The Music Along The Stretch

Maybe I should change my route.

In a recent post I mentioned the Heywood Stretch, a road along which I often take my dog for a walk. Sticking to the same route at least affords you the chance to observe any changes. Seasonally, I mean, rather than roadworks.

The other week I could see up ahead of me the turbines on the moors (the turbines that found their way into the first draft of a poem that I’ve posted). The moors were white, layered with days-old snow that never made it down to these lower reaches, apart from an ever so slight dusting of the fields that must have been spindrift on the wind.

Maybe I should widen my taste.

I’m sure that there’s lots of great new music out there just waiting for me to discover it. But when I want to pass a certain amount of time I always seem to return to the era I love the best, which basically runs from the mid-sixties to mid-seventies.

I was doing just this on another trip there when winter made the most of my complacency, ambushing me in a sudden brief snowstorm that had me blinking furiously to navigate a path through the fury that had engulfed me. It was only brief but it was freezing, and I couldn’t help but smile at the irony as Ray Davies was telling me to

Put on your slippers and sit by the fire

When I got back I followed his instructions mostly to the letter.

I warmed myself with a coffee as I sat listening to this box set that I’ve just managed to pick up on eBay for a fifth of the price it normally goes for.

Listening to the vocal harmonies of the group through headphones, you can really appreciate John Phillips’ gift for arrangement. And what voices Cass and Denny, in particular, had.

The very next day the dog and I worked the Stretch again. This time there was no snow and no biting wind, but still it seemed that winter was hanging on for dear life, defying spring’s rightful claim to the throne.

Later that night, deja vu: I’d had another delivery.

This time, I’d managed to get myself a book signed by a Door. Which I suppose is easier than a Door signed by a book.

“Look at this,” I said to my wife Jen. “This is by the drummer from The Doors.” I took her finger and placed it lightly on the signature. “Just think, this was touched by a hand that has rested on the shoulder of Jim Morrison while they shared a beer.

She was distinctly unimpressed, whereas I was falling backwards through eras and decades.

And then I returned to the present.

Tonight, it felt so much better walking the dog. Everything was lighter. It felt like spring had had its coronation, it felt like new beginnings. And maybe there was the psychological aspect too, for we’d just heard the details about how our locked down country is set to open up again.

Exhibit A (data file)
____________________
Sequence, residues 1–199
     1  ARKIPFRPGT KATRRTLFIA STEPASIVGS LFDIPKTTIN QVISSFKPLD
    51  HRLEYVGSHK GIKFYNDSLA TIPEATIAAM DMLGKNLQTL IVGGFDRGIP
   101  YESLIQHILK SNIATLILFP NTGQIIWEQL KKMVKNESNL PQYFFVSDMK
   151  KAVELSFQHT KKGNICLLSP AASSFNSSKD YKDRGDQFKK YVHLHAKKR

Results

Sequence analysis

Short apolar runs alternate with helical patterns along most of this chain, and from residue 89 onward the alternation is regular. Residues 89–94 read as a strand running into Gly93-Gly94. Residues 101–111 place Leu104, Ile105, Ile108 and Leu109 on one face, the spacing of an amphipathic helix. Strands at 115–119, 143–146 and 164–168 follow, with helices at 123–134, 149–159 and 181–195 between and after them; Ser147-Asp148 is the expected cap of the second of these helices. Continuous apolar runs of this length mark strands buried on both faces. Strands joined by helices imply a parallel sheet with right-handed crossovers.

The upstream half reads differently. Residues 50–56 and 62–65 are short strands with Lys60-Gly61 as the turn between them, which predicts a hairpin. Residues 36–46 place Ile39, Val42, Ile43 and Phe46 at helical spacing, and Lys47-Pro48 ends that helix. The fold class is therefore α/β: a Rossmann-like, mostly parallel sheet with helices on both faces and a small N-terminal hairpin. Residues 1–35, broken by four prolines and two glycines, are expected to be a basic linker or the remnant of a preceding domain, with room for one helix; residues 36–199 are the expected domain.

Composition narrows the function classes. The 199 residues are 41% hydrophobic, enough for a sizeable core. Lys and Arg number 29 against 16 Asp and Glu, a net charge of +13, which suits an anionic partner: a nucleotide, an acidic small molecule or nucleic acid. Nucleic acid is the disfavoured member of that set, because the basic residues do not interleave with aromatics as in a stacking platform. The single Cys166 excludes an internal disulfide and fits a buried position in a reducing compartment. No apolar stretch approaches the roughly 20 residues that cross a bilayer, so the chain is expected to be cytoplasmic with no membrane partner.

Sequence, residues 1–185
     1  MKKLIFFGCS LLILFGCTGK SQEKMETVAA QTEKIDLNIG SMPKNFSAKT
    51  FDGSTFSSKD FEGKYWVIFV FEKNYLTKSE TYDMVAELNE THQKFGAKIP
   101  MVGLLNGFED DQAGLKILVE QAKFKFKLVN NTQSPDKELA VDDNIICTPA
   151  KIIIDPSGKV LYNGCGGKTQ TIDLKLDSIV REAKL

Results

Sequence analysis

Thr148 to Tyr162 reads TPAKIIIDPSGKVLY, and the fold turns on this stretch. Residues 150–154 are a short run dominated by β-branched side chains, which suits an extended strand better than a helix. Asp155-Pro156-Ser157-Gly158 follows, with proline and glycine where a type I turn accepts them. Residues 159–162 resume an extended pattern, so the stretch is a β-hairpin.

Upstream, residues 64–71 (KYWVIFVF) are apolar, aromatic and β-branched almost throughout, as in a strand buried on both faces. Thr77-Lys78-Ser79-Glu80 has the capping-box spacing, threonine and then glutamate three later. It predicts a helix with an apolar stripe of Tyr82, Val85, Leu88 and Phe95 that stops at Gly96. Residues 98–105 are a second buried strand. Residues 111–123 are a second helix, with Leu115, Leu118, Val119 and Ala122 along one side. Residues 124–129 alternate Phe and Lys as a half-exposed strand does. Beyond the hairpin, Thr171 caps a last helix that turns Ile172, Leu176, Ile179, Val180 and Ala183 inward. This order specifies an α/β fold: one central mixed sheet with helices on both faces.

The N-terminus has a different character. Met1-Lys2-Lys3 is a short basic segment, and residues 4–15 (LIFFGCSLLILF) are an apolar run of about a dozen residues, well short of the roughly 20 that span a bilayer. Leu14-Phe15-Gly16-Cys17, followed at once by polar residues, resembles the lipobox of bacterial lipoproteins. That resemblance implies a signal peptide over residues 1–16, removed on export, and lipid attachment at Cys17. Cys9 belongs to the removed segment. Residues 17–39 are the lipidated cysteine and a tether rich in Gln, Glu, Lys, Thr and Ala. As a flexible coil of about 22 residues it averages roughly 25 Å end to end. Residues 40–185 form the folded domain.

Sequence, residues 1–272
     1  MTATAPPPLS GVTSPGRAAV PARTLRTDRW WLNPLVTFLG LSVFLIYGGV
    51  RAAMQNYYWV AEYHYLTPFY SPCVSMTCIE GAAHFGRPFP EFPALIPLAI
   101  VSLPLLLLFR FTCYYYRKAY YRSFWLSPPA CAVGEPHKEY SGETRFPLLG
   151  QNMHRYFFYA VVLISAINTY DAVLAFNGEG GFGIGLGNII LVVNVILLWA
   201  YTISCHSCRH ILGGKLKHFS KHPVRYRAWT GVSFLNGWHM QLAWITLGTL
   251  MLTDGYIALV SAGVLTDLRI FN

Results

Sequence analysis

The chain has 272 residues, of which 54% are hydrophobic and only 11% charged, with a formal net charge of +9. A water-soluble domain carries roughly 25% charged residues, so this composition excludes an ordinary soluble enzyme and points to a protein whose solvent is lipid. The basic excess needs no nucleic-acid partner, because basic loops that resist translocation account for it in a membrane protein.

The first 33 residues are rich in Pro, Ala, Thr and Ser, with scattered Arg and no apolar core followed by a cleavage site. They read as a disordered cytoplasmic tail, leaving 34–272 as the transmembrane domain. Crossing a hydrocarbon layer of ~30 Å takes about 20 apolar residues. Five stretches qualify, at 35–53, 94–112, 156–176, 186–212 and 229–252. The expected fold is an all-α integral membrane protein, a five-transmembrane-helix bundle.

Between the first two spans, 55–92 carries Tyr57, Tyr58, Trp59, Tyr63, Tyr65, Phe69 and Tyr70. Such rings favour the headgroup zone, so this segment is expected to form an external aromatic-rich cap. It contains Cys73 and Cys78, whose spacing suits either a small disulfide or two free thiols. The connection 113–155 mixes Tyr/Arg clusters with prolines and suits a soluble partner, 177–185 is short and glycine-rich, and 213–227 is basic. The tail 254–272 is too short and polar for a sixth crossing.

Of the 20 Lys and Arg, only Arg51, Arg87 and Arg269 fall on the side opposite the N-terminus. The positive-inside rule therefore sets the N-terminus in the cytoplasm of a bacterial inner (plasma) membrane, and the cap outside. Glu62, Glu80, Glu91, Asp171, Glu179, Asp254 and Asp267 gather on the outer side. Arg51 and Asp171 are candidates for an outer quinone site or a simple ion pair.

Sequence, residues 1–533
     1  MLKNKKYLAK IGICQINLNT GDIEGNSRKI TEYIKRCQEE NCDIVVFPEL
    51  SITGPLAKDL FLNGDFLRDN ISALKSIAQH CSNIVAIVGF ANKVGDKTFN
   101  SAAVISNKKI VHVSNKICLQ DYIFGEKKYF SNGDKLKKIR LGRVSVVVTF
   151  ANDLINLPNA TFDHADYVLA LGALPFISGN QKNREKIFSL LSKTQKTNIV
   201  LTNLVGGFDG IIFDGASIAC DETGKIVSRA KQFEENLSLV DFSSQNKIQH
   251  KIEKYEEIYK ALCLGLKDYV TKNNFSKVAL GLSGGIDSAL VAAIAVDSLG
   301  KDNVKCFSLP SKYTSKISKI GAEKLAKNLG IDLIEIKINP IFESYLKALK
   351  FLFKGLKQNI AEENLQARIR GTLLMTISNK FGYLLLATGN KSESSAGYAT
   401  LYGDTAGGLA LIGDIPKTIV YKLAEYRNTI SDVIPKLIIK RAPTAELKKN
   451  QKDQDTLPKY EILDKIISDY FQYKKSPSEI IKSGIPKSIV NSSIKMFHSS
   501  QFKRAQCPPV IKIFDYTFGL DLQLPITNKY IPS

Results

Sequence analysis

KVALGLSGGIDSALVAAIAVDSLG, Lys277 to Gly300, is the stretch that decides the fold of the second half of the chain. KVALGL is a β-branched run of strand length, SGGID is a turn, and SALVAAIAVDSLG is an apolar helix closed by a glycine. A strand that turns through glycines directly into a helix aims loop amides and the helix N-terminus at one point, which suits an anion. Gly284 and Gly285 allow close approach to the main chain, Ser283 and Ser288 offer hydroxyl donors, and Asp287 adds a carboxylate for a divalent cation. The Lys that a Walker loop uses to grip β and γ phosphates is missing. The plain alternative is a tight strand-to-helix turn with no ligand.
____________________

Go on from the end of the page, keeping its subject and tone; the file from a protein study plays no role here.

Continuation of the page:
Good weather and freedom is in sight.

And for this walk I’d changed gear (a little). moving up to the 80’s to listen to The Police. As my journey neared its end, one of Sting’s solo songs came on, Desert Rose. Algerian singer Cheb Mami is on that, giving it a distinctive world music feel. And I’m not sure why but it just seemed appropriate for the moment, as the day settled down with the sun bidding me goodbye whilst also whispering that it won’t be for long.

Winter Days, Winter Nights

After two days of heavy rain there were flood warnings throughout the country. I’m fortunate that I don’t live near to any river unlike those unfortunate people whose homes always seem to be at risk at this time of year.

I was sat with a coffee, watching the rain outside the window.

It reminded me of the time I was on the island of Rousay. I’d had some time to kill before the ferry arrived to take me back to what is known as mainland Orkney and so sought out a cafe overlooking the jetty,. I was sat with a coffee then, too, again watching the rain that had behind it the force of an ocean wind. The last of my coffee drained, I’d then ordered a hot-buttered bannock. Very Scottish, I know. When in Rome and all that.

Panoramic though it was, that view didn’t include an ornamental giraffe like mine did now. A giraffe which, if you look very carefully, you’d see is missing an ear thanks to Bryn, our Welsh Springer Spaniel.

Scottish, Welsh, for the interests of inclusivity I think my next drink should be some nice English tea.

*

Who’d have thought it? After forty-eight hours of heavy rain winter blew in during the night and we were moved to make the most of it. Heaving on boots and heavy coats, we went out into a blast of cold air, even though it was 10.40pm on a school night. School night- that’s a laugh. They are now known as stay at home and do school work nights.

Millie walked ahead, giving an unsuspecting Bryn his first experience of snow.

With Millie’s arms aching we changed over and she managed to catch a second’s worth of our expedition.